"C'mon, “ I said, trying to distract him from his revenge fantasies. "Let's get this stuff out. Pablo's waiting on us. You don't want to keep him waiting, right?"

We took the boxes of popsicle sticks and cardboard outside to Pablo while the yard was open. I made sure to warn Melon to be careful whenever he was around his bunkie. While Chico was old and crickety, he had still killed two people, and had survived some of the worst prisons over almost sixty years.

Later that night, Melon knocked on my door. He had received a letter written in English, and, though he could speak English well enough, he sometimes had difficulty with understanding metaphors or figures of speech. I opened the door, and he handed me the piece of paper to read while he leaned against the threshold. I explained the phrases as well as I could, he seemed satisfied, and I jumped back on my top bunk when he left. A short while later was when Big Steve came in, asking what was going on between me and Chico. At first I thought he was joking, but Steve couldn't keep a straight face for long when he was. I was totally confused, so I decided to investigate.

Chico was sitting at his normal chair, though he had taken the blanket and extra pillow that Pablo had given him back to his room. There was nothing marking that it was his seat anymore, other than that he was usually sitting in it, and everyone made sure to leave it be. It also happened to be right in front of my cell door.

"Chico, man, what's going on?" I asked, still not sure this wasn't some practical joke.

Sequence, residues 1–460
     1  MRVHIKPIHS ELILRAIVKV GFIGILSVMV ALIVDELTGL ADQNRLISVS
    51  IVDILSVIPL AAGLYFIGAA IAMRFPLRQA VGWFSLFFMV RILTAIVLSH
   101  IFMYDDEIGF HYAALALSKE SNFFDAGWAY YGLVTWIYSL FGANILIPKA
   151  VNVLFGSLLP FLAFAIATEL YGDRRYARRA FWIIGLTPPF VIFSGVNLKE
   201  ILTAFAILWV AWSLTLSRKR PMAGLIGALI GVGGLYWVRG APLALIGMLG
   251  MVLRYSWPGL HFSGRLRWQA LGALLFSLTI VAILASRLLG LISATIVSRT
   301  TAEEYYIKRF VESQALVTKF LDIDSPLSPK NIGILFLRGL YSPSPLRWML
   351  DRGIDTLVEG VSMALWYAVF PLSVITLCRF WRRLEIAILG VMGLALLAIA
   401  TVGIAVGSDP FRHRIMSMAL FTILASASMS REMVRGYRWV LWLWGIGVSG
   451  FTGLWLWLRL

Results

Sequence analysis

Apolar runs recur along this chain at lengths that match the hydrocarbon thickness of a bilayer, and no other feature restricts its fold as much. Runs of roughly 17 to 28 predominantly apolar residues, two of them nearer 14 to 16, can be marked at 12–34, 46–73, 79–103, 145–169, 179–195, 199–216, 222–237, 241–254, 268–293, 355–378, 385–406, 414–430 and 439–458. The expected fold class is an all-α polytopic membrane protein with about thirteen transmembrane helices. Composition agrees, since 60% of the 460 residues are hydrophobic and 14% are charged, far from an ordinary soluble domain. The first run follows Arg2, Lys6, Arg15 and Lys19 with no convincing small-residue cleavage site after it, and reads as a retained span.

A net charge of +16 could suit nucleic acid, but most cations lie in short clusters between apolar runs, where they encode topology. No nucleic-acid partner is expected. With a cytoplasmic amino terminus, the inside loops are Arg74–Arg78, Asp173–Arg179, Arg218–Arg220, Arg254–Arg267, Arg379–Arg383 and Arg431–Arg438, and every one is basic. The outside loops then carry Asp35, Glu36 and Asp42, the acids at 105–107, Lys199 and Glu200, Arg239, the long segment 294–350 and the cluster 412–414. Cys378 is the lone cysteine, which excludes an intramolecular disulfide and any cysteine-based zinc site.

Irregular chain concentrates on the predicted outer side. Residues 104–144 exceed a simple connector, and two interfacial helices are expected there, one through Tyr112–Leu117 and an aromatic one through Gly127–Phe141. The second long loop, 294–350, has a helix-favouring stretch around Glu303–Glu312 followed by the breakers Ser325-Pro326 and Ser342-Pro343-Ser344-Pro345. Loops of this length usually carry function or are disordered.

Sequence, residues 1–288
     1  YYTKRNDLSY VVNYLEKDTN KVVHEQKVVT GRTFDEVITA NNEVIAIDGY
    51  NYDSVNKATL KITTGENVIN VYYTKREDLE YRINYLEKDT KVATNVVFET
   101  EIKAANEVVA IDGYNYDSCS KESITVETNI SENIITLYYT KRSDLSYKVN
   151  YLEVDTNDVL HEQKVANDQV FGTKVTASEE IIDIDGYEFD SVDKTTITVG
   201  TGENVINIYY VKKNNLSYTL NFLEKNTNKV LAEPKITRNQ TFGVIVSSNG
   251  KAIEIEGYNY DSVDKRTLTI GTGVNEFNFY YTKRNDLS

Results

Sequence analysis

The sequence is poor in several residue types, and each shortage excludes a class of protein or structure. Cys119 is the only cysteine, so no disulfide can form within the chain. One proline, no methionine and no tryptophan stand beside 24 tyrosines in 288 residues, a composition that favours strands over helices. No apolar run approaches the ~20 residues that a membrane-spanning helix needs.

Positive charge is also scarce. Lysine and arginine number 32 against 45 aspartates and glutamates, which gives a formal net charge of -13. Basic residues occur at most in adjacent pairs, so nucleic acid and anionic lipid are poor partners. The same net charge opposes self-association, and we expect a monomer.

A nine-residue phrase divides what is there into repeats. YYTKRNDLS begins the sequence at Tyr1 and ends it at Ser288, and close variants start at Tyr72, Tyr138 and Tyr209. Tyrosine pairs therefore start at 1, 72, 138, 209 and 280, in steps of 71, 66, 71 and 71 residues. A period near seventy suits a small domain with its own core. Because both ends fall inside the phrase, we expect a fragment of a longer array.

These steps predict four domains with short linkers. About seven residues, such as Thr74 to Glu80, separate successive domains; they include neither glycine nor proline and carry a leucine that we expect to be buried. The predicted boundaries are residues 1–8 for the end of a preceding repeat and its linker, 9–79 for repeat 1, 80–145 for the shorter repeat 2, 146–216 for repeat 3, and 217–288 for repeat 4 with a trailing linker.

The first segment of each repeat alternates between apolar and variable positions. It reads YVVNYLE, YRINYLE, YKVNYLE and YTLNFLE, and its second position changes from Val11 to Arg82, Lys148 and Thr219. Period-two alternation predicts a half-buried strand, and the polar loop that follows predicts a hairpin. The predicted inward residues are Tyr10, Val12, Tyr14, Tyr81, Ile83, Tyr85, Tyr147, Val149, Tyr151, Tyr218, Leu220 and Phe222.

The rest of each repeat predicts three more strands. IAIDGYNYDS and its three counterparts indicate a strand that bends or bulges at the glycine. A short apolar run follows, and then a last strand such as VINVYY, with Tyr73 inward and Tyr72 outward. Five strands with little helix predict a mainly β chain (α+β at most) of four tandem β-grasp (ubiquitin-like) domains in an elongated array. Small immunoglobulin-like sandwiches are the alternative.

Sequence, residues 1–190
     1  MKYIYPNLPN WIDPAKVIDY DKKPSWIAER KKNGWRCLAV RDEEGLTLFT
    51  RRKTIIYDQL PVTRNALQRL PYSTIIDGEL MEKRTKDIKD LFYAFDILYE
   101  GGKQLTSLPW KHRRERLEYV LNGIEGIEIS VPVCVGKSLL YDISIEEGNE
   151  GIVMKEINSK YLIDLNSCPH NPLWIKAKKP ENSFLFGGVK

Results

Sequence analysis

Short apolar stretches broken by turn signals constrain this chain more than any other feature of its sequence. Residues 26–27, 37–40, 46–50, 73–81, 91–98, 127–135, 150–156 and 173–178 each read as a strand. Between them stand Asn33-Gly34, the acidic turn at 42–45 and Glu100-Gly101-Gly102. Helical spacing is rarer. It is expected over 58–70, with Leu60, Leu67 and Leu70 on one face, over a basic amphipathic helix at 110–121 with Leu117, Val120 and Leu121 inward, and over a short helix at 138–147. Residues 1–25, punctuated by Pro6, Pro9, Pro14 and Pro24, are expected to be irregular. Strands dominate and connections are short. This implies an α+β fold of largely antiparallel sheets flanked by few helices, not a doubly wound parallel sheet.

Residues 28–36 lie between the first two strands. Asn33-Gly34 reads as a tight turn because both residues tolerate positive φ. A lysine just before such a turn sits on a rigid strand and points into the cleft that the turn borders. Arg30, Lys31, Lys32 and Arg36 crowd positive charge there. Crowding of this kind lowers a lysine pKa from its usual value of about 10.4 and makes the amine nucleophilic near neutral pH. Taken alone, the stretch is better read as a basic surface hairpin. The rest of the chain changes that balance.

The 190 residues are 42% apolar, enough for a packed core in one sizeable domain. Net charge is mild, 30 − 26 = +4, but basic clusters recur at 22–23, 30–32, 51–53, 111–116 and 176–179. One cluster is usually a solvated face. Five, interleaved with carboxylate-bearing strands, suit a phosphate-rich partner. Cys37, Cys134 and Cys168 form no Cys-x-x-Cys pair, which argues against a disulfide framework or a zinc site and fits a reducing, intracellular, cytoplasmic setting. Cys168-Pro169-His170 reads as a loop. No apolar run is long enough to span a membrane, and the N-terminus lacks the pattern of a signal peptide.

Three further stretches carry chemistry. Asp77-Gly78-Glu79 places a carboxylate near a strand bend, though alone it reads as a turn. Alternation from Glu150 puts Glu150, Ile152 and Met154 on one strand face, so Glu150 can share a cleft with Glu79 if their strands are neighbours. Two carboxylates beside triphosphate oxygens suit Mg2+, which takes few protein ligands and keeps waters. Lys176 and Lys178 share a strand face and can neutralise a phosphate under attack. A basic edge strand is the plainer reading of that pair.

"You know what's going on!" he said angrily.

"What do you mean, Chico?"

He pointed his finger at me, and then at my cell. "You know. You got my stuff!"

I was legitimately confused. "What are you talking about? Why did my bunkie come in saying that you're saying you're gonna stab me? Do you think I did something to you?"

"I saw."

"You saw? You saw what?"

"I saw him give you the stuff!"

"Who gave me what stuff?"

"You know! I saw him, my bunkie, give you my stuff. He stole it from me and he gave it to you to hold!"

"Whoa, whoa, buddy. Your bunkie came to me earlier and asked me what something meant because he doesn't speak English very well. Is that what you're talking about?"

“No! I know what I saw! He gave you the stuff."

I was getting a little mad. "What stuff did he give me, Chico?"

"I know what I saw. He gave it to you to hold on to."

"Hey! Haven't I given you my food before when you were hungry? Haven't I offered it to you many times? Do you need something right now? What is it that you think you're missing? Do you need a soap, a noodle, what?"

"No, no, no. Don't try to change on me. I know what I saw. We'll see! I got you! You not gonna steal from me! I got you! We'll see tomorrow!"

"Whatever, Chico. I ain't gonna argue with you. I didn't steal anything from you, I didn't take anything from your bunkie. I've looked out for you many times, but if you can't remember that, I'm sorry. Bye," I said as I walked away.

Two things I've learned in prison are to never underestimate anybody (I once watched a midget beat a bodybuilder unconscious with a padlock in a sock), and, if in a confrontation that is left unresolved with passions heated, to not give the other person an opportunity to get a weapon or a group of friends. I've seen numerous people end up bloody, in the hospital, or missing body parts because they let someone with a declared animosity toward them gather weapons and the element of surprise. Everything I knew, especially Chico's criminal history, told me that this was not good. Yet I couldn't bring myself to hit an old man, until he actually attacked me. I just wasn't going to. The problem was that I knew that if this old guy attacked me, it was going to be with a knife. I was in a situation, but I decided to just leave and keep my eyes open for the next few days.